Jazz musician Wynton Marsalis wins Pulitzer Prize

NEW YORK (AP) — Trumpeter Wynton Marsalis became the first jazz composer to win the Pulitzer Prize for music Monday, receiving the award for “Blood on the Fields,” his epic oratorio on slavery.
“It means it’ll be more easy for other musicians who write in jazz,” a coolly collected Marsalis, an eight-time Grammy winner, said from his Manhattan apartment. “The value of the music is being recognized.”
The piece, written for 14 musicians and three singers, was commissioned by Lincoln Center where Marsalis has been artistic director of its Jazz at Lincoln Center for the last decade.
“Blood on the Fields” centers on two people, Jesse and Leona, who arrive in America on a slave ship. “It’s about them and it’s about the music — the music is a character,” said the 35-year-old Marsalis. “The musicians are like a Greek chorus. They comment on what’s going on.”
The three-hour composition had a mixed reception during a recent tour. When it was performed in New York earlier this year, some critics said it was too rambling and too long.
Frank McCourt’s best-selling “Angela’s Ashes: A Memoir,” his bittersweet remembrances of growing up in the slums of Limerick, Ireland, won the prize for biography.
The author, who taught for much of his career in the New York City public school system, said the critically embraced book was named for his mother, who wouldn’t have liked it. “It was too revealing,” he said. “She was ashamed of our past. … Her way of expressing her emotions would have been to cry.”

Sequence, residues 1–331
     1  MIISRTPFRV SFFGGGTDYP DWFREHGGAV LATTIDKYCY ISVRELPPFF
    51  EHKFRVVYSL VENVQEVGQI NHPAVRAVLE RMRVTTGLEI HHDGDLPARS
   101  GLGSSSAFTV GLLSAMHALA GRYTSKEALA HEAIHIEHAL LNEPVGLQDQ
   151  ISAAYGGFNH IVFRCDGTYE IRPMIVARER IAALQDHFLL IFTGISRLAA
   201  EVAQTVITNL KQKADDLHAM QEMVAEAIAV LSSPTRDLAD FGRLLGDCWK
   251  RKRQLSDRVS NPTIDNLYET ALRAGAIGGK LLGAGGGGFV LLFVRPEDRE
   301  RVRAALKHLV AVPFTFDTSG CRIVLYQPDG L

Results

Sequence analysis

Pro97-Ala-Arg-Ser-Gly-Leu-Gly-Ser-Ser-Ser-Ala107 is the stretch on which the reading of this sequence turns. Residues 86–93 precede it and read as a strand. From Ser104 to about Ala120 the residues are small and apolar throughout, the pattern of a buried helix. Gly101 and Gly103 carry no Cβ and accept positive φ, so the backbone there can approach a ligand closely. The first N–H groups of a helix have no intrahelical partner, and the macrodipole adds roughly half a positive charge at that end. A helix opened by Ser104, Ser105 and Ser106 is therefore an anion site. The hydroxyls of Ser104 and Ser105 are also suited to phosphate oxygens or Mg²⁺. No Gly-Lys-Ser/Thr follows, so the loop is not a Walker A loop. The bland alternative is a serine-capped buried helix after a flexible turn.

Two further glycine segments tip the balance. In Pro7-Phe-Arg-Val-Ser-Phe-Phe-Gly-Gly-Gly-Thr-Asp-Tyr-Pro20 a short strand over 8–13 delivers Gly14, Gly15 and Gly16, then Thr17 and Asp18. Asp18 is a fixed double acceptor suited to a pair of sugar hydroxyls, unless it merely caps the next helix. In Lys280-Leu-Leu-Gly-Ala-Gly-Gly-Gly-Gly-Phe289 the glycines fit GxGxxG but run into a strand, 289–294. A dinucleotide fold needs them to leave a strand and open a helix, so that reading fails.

For the first time since 1986, no award was given for drama. Although three finalists were considered, “the board felt none of (them) fulfilled the criteria for a Pulitzer,” said awards administrator Seymour Topping.
The Pulitzer hasn’t been award for drama on 13 other occasions.
Lisel Mueller, a German immigrant, took the poetry prize, winning for “Alive Together: New and Selected Poems.”
“I don’t think about awards when I write poetry,” the 73-year-old Mueller said from her home in Lake Forest, Ill. “But when they come, they come out of the blue because I certainly didn’t expect this.”
The fiction prize went to Steven Millhauser for “Martin Dressler: The tale of an American Dreamer.” Millhauser, 53, teaches English at Skidmore College in Saratoga Springs, N.Y. His novel follows the career of a shopkeeper’s son who becomes the owner of a hotel.
“It was startling,” Millhauser said of his win. “I was quite serious that there was an error and I’m still not entirely sure there isn’t an error.”
Richard Kluger won the general non-fiction Pulitzer for “Ashes to Ashes: America’s Hundred-Year Cigarette War, the Public Health and the Unabashed Triumph of Philip Morris.”
Kluger, 62, has had a long career in journalism including jobs at The Wall Street Journal, the New York Post, Forbes magazine and the New York Herald-Tribune.
Jack N. Rakove, a 49-year-old professor at Stanford University, took the history award for “Original Meanings: Politics and Ideas in the Making of the Constitution.” The book, according to one reviewer, “offers a deeply satisfying account of the political world from which the United States Constitution issued.”
Topping said the Marsalis piece has strong jazz elements. This is a first for the music category.